By Nick Malawskey
July 21, 2017
While the Marcellus Shale formation has provided a boom for Pennsylvania's economy, it has also provided a boom to another group -- invasive plants.
Researchers at Penn State University on Thursday published a study which looks at the relationship between invasive plants and drilling in the Marcellus Shale region. Their findings: That 61 percent of the well pads studied had at least one invasive non-native plant species present, and that non-native plant cover was greater around well pads than in the surrounding environment.
The researchers said they also found evidence that invasive plants were being introduced and spread via gravel being delivered to well sites, as well as through mud on the tires and undercarriages of trucks traveling to and from well locations.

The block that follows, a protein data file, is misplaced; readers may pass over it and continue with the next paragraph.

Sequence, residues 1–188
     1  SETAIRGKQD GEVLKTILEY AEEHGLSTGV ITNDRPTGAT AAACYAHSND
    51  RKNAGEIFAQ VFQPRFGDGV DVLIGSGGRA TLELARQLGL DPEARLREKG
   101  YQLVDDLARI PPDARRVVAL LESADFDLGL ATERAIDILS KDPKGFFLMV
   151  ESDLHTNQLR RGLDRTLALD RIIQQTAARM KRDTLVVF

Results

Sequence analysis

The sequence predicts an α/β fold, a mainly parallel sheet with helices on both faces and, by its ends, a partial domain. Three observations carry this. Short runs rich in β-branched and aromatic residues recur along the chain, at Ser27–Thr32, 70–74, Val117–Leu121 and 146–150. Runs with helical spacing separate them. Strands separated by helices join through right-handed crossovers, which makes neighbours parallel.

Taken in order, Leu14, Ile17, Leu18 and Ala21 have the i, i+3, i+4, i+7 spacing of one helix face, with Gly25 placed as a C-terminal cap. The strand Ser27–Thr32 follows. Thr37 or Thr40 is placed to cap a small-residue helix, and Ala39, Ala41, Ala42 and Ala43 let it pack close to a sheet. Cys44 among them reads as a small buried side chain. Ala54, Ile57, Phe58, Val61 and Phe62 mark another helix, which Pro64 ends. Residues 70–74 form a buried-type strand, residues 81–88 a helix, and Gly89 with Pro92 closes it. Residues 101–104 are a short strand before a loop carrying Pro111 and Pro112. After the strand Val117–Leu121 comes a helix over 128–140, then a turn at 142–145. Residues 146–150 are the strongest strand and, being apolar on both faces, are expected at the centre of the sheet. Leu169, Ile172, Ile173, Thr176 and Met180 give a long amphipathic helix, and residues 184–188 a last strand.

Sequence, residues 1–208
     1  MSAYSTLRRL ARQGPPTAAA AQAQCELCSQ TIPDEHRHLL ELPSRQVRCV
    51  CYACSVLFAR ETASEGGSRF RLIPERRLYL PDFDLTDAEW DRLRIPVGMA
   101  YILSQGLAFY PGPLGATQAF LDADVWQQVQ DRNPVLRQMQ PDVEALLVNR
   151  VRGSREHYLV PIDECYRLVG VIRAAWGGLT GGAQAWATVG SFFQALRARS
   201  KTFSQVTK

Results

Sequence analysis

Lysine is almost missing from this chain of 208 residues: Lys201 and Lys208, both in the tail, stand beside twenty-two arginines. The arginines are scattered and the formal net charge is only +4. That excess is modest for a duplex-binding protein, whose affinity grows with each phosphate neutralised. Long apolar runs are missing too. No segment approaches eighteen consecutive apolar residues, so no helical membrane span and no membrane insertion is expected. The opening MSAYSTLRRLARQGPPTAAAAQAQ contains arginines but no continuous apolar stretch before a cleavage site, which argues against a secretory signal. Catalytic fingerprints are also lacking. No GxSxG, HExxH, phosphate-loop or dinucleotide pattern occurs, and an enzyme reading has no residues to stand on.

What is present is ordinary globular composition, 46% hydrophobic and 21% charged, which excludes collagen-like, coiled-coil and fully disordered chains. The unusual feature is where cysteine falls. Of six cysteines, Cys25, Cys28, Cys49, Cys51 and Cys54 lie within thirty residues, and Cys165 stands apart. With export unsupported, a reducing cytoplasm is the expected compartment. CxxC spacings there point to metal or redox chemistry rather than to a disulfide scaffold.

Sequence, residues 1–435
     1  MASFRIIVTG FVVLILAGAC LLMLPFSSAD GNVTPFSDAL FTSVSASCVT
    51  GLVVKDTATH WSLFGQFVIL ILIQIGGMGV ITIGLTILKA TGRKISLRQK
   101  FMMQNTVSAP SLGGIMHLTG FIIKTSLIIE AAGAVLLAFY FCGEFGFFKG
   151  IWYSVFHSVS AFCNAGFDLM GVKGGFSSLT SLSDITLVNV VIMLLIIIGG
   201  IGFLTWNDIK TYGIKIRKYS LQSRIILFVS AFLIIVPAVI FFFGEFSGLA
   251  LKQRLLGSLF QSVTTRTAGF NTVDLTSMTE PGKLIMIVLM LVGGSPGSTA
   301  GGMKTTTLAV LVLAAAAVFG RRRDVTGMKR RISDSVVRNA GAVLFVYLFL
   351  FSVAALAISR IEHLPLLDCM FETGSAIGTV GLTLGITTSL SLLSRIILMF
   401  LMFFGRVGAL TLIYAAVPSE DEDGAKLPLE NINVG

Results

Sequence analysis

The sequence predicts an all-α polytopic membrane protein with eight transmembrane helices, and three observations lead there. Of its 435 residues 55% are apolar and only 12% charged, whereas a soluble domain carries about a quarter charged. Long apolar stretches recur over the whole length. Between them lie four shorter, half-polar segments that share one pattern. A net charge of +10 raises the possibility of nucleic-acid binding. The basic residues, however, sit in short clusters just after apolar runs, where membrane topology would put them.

"Given the fact that, on average, 1,235 one-way truck trips delivering fracturing fluid and proppant are required to complete an unconventional well, the potential to transport invasive plant [seeds or spores] is significant," said lead researcher Kathryn Barlow, a doctoral degree candidate in ecology.
Invasive plants are a thorny issue in Pennsylvania forests, because they can edge out natural species of plants and trees, which can damage the health of a forest.
Their conclusions were based on invasive plant surveys conducted on and around 127 Marcellus Shale gas well pads and adjacent access roads in seven state forest districts in the Allegheny National Forest.
The findings were published in the Journal of Environmental Management.